In this ballet, Fahoury is something of the real world: a plaintive, mournful hero, and the counterpart of another dancer, Anthony Huxley, whose lively, immaculate dance bends over the pleasure of taking in the air and transforming it , once again, to a place of ballet delights. Her world is ballet.

“Emanon” is unequal; the dance of the men is more difficult, more expansive than that of the women. It makes sense — dancing or choreographing for the tip isn’t part of Roberts’ bloodline. But the work also lacks structural variety: imagine a diagonal line with two women dotting the ends, performing basic pointe work, and a man dancing his heart out in the middle. The ballet would have felt less skeletal with more body, especially at the end – a group unison move that begins like a choreographic sprint but soon begins to feel, in a good way, like a marathon.

Here, the cast are wearing Jermaine Terry’s costumes in lavender tones – dresses with pleated skirts rising just above the knee and unitards for the men that reminded me of tuxedo T-shirts – making them look like a wedding party. Driving their bodies past the point of exhaustion, they suddenly turn toward us with a penetrating stillness. Roberts may have more experience in modern dance than ballet, but what he understands is dance, and that’s what it’s all about. It’s not about words, it’s about feelings.

What was unusual about City Ballet’s program was that Roberts’ work and Kyle Abraham’s “The Runaway” (2018) were performed to recorded music. Only the work in between, Pam Tanowitz’s “Bartók Ballet” (2019) featured live music, performed by the FLUX Quartet. For his return to the stage, “Bartók” was different in big and subtle ways.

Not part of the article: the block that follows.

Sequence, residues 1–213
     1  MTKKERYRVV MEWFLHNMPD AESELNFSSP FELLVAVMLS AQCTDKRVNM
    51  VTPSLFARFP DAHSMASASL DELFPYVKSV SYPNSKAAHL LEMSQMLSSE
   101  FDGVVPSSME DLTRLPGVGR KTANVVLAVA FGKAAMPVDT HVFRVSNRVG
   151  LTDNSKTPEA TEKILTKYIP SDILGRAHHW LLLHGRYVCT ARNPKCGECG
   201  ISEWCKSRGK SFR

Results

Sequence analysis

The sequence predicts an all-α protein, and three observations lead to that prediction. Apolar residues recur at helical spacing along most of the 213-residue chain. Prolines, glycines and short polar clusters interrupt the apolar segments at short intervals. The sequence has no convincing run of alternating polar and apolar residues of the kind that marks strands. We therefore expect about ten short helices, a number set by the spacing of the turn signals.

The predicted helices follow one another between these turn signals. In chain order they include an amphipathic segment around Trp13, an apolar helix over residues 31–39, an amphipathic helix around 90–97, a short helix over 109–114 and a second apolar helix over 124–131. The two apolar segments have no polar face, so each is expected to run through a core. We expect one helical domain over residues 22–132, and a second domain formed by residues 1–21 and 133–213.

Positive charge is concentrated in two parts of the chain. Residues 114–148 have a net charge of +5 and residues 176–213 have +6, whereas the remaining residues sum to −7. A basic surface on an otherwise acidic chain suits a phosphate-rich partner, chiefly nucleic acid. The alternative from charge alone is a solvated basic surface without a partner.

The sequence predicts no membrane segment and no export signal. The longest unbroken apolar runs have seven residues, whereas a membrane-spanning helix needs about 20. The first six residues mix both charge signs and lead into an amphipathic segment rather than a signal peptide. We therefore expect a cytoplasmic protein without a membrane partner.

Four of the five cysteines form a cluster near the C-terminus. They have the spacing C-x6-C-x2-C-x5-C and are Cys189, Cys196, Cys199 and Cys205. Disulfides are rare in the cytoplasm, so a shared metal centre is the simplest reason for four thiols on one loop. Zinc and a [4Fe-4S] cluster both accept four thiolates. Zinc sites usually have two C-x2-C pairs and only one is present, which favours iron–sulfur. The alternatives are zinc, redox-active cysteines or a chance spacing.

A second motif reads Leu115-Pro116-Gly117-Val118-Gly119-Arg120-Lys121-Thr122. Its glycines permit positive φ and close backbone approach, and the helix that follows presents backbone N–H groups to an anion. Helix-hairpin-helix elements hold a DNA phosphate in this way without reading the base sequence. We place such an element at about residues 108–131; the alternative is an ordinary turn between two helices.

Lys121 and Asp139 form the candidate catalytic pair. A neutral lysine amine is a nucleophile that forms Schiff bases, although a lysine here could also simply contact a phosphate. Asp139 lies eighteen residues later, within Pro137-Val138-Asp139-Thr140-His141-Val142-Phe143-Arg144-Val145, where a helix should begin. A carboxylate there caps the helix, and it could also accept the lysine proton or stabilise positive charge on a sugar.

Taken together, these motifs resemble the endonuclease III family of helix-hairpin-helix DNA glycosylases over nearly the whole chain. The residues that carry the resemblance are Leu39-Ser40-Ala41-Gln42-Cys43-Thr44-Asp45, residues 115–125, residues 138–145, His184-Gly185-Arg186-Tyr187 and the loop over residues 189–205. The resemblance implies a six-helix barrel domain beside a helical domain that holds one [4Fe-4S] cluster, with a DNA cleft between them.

One movement of the music, Bartók’s String Quartet No. 5, has been cut, causing the dance to move forward faster. Part of me felt it was still too long. But the cast of 10, shimmering in the bronze and gold leotards of Reid Bartelme and Harriet Jung, are more at home in Tanowitz’ sometimes awkward movement. It’s now a community where dancers – arching their backs, stomping the ground with their pointe shoes, even slapping their thighs – roam the stage like floating shards of pixie dust. But wander, they do. Tanowitz’s steps were the most unusual of the night, full of invention and wit, yet in “Bartók” it’s hard to know where they lead.

Kyle Abraham’s “The Runaway,” set to music by Nico Muhly, Kanye West, Jay-Z and James Blake, always felt more like an event than a cohesive dance – with, certainly, a standout couple of solos for Taylor Stanley and an overlooked gem for Roman Mejia. It’s still what it was: a parade of sounds and costumes, courtesy of designer Giles Deacon.

Abraham, Roberts and Tanowitz are serious dance artists, but here, for different reasons, they are overwhelmed. Yet being able to watch their experiments overnight, even with their misses and failures, was a kind of progress – for the choreographers, for the dancers, for the company. In the past, City Ballet relied on the dreck of contemporary ballet for new choreography. We can’t go back on that; here, at least none of the dances were like the others. But how to make ballet modern with choreographers, however talented they may be, unaccustomed to the scale and history of Balanchine’s stage?

And yet, bringing them into the fold, something at the City Ballet at changed: When has there ever been a program with the choreography of a woman and two black men? And when did it feel, well, just kind of normal? It was good.

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Newsrust - US Top News: Review: City Ballet gets a modern dance fix